When we stop and analyze this argument, its flaws are obvious. Just because discussions about race tribalization have increased of late doesn't mean they're new issues. What is new, however, is that white people are becoming more aware of their own race and feeling the discomfort that comes with that awareness.
JonTron is working through his own racial identity, just like the rest of us
Despite all of my many disagreements with JonTron, there's one thing that I can actually relate to: the feeling of not knowing where you belong in terms of racial categories. Based on his recent tweets and statements, JonTron honestly seems to be internally working out his own racial identity for himself.
In his debate with Destiny, JonTron refers to himself as not fully white, but when Destiny later says "you think you're a white person when you're half Iranian," JonTron gets a little defensive: "So fine," he says. "Take the whiteness away from me."
It doesn't even end there. In a stream a few years earlier, JonTron did a convincing Persian accent and seemed to be on the side, albeit jokingly, of his Persian relatives who were offended by their representation in a specific film. More recently, JonTron asked a writer who was supporting him to change the section mentioning him to "American" rather than "Persian-American."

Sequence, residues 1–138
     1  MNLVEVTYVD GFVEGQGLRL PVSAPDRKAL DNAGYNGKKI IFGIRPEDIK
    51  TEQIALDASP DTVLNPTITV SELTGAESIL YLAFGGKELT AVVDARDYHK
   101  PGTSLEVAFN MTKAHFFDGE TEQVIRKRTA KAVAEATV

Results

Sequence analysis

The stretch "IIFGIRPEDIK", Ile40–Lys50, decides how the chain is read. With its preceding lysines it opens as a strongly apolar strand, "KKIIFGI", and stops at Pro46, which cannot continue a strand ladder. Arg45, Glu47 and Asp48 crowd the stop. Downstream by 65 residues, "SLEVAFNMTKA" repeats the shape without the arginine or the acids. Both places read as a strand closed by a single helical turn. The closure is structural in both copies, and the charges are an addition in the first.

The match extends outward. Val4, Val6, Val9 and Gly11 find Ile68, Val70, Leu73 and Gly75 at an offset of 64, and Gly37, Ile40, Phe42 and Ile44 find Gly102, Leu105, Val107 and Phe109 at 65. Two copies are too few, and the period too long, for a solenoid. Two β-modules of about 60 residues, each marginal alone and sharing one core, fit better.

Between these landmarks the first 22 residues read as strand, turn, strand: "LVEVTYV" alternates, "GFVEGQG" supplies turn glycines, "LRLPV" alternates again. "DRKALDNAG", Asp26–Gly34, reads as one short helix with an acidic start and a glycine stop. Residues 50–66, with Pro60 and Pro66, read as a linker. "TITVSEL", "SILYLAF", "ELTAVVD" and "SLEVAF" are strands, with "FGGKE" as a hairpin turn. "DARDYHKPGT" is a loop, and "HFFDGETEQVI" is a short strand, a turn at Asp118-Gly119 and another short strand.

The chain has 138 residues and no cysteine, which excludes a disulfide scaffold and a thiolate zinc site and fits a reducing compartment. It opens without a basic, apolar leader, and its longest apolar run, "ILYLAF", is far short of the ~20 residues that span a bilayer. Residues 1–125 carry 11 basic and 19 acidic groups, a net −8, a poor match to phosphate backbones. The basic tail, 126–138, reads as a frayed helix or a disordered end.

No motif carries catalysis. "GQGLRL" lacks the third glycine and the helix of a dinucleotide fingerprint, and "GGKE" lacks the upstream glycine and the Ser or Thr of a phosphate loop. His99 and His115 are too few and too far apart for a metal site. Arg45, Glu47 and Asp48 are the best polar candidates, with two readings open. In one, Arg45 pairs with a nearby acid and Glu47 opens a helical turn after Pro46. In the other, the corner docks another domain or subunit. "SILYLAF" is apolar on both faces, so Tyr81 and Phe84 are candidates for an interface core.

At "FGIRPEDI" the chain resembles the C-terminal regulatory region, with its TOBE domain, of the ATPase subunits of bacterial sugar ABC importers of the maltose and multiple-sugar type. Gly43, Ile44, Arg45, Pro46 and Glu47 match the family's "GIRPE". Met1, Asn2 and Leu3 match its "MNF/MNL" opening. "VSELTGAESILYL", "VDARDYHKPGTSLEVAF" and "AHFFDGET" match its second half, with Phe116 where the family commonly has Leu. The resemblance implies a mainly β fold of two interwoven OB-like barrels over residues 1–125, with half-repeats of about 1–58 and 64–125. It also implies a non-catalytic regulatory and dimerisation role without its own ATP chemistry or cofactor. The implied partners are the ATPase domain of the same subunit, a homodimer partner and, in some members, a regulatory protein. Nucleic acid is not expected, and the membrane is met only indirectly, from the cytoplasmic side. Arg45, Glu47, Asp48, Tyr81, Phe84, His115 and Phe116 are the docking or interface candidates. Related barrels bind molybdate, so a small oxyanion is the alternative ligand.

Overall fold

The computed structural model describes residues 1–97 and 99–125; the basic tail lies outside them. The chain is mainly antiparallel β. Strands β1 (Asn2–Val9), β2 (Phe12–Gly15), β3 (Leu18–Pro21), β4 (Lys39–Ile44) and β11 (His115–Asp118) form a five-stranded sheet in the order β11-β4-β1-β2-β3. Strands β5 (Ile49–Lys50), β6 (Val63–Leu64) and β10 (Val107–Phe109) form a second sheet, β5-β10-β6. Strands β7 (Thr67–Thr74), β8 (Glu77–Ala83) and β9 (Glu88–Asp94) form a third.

The Persian identity is complicated for everyone
While JonTron was trying (and failed) to make one point, he accidentally made a different, successful one: It's complex, as an Iranian-American, to know where you stand today in terms of race.
On one side, Iran was part of the Muslim ban executive order, and two Indian men were recently shot because they were mistaken for being Iranian. On the other hand, we're often lighter-skinned than other groups that would often be labeled as people of color. Even on the official census, all populations from the Middle East and North Africa are considered white.
What I've come to realize is that it doesn't have to be a binary. I can think of myself as a person of color while still addressing the privilege — I'm sure JonTron loves that word — I possess for my lighter skin. The joke I always say to explain light-skin privilege to people is that I'm just dark enough to get my picture put on a college brochure, but not dark enough to ever be worried about my safety around cops.
As part of that privilege, I feel that it's my political responsibility to address the racism and xenophobia I see in front of me. I understand why JonTron wants to be viewed as white. It's a common thing for many Persians, especially immigrants.
My genuine wish for this Nowruz is that Jon "JonTron" Jafari has a conversation with his father about the struggles of immigration — because I can't imagine him not learning something.